Music has more influence on how I think about structure than on my work at the level of the sentence, at least consciously. Right now, for example, I am working on a manuscript that is more similar in form to the Degradation Loops by Australian composer Jasmine Guffond or the Disintegration Loops by the American William Basinski than to any literary creation of which I am aware. A text is also sometimes born from my encounter with music. A Happy Woman is the most striking example but there are many others: when I became passionate about opera, I wrote no less than three novels which are more or less directly related to that world.
Movement is another recurring motif in your work. Where did you get this need to flee immobility?
My rejection of linearity is expressed above all from one text to the next, since I am constantly changing worlds and, even more so, forms. It reflects my approach to life. At a very young age, I told myself that I had only a little time left to live. What did I want to do with it? I have constantly asked myself this question, and the answer changes over time. Basically, I never intended to constantly move towards new forms, I do so spontaneously, out of a taste for experimentation, and probably also out of fear of boredom.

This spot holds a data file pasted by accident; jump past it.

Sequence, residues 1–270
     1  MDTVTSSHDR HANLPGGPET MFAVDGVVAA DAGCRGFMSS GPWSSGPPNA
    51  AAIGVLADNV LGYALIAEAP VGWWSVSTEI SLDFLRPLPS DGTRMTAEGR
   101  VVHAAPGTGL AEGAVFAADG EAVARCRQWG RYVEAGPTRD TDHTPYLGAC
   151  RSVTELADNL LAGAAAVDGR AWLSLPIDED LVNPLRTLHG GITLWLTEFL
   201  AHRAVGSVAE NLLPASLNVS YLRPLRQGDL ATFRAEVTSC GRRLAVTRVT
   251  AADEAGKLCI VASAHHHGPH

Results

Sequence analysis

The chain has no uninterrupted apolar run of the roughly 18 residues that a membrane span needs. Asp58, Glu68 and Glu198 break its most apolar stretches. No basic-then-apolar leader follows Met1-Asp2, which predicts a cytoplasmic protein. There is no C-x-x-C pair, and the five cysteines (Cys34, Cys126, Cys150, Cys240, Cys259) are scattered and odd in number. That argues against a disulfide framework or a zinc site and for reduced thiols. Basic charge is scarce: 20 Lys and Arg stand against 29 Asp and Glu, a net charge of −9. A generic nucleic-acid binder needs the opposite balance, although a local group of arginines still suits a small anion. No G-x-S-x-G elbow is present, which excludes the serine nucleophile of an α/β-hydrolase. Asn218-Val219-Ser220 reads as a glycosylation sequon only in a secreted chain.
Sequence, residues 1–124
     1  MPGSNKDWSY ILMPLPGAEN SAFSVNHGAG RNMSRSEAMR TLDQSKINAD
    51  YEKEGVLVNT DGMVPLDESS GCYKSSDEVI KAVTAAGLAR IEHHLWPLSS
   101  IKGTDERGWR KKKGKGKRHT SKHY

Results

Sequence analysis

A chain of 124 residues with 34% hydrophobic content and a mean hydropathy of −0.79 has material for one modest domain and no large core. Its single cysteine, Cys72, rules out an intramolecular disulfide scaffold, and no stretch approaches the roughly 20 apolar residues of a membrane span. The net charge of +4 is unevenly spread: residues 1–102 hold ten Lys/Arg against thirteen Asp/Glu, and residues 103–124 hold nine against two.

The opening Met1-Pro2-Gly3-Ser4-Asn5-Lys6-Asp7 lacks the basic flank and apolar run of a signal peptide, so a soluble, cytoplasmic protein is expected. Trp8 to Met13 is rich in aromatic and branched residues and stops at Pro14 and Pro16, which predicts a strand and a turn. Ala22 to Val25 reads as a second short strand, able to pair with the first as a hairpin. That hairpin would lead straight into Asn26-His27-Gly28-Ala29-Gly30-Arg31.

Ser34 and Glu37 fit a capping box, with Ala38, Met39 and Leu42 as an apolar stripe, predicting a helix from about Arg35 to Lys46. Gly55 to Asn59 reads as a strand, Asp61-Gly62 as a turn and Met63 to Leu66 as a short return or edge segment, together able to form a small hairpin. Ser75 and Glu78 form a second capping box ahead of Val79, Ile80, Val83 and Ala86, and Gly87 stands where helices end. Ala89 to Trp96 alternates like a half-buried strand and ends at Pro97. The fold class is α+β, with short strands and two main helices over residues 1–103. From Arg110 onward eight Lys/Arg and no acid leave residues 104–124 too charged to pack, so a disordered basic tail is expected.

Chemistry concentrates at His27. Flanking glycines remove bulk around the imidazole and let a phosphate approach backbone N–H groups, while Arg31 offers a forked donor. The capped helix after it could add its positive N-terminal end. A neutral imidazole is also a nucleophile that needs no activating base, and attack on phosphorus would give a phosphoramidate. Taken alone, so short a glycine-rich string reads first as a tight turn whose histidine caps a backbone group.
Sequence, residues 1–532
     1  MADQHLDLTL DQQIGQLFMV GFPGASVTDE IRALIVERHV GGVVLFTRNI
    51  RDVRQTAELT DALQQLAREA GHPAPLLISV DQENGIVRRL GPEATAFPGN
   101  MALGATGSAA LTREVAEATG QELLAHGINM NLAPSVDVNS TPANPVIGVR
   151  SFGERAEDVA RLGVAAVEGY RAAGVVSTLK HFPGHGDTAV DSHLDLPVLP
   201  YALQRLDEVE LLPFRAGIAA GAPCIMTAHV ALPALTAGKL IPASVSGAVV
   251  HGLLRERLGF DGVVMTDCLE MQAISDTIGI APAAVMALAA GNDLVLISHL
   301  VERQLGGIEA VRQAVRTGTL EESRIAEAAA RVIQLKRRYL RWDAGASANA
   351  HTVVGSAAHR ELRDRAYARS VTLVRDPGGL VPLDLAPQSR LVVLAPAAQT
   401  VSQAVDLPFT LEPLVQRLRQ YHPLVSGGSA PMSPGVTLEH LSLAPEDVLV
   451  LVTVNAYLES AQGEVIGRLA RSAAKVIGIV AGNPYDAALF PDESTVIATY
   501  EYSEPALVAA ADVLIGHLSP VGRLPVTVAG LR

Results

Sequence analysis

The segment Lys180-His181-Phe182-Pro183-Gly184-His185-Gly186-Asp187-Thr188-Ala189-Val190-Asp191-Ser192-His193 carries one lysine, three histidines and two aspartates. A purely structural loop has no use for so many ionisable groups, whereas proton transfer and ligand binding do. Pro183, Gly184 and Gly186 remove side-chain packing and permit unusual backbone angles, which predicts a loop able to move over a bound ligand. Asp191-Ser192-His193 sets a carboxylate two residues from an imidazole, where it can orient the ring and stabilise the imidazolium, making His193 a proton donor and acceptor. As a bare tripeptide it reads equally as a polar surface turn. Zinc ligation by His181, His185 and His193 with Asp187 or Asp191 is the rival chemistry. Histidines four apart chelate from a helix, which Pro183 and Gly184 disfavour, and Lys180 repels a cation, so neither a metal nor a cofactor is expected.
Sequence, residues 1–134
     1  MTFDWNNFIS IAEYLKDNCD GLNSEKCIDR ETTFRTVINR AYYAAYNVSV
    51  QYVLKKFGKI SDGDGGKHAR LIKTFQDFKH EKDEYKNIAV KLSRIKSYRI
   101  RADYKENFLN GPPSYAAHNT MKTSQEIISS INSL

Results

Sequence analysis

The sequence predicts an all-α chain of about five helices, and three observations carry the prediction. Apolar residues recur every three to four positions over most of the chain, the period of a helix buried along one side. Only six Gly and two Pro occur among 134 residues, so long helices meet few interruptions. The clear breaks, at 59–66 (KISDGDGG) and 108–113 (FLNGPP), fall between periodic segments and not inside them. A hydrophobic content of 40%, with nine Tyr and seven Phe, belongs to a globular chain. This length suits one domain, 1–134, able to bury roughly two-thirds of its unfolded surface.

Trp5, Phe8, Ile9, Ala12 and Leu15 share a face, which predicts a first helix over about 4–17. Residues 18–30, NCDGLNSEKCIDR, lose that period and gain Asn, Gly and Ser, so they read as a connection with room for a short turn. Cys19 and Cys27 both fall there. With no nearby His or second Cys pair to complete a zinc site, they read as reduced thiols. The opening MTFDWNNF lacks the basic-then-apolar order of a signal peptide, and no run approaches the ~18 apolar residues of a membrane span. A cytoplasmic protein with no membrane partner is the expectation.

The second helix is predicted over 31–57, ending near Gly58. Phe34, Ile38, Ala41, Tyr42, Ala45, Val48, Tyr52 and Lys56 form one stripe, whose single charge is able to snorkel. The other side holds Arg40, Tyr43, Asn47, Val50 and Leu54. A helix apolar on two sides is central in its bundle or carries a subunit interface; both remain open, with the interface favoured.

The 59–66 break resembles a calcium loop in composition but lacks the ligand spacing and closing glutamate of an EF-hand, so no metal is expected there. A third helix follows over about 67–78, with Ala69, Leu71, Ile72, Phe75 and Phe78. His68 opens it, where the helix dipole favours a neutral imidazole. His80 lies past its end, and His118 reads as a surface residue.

In Life Erasing Everything (“La vie effaçant toutes choses”), you describe nine women in search of their freedom. Can we read this as a metaphor for your search as a writer?
These characters are single women who have to invent a language to contain their unhappiness and try to mitigate it; who cannot rely on any ready-made discourse to move towards a kind of resolution. In this sense, they are like me: every time I write a text, it is as if I am speaking a foreign language without an established method. On the other hand, I and my characters are trying to escape the notion of the absolute and other mental constructions like it, which we believe cage us. We believe that the price of freedom is renouncing absolutes. Inventing one’s own language also means rejecting rhetorical shackles, the legitimacy of which is rarely questioned, as if there existed an absolute, unchanging and just language.
You said in an interview that: writing saves you from the real". Nevertheless, you sometimes have to dive into the world to write. Is this a pleasure or a chore?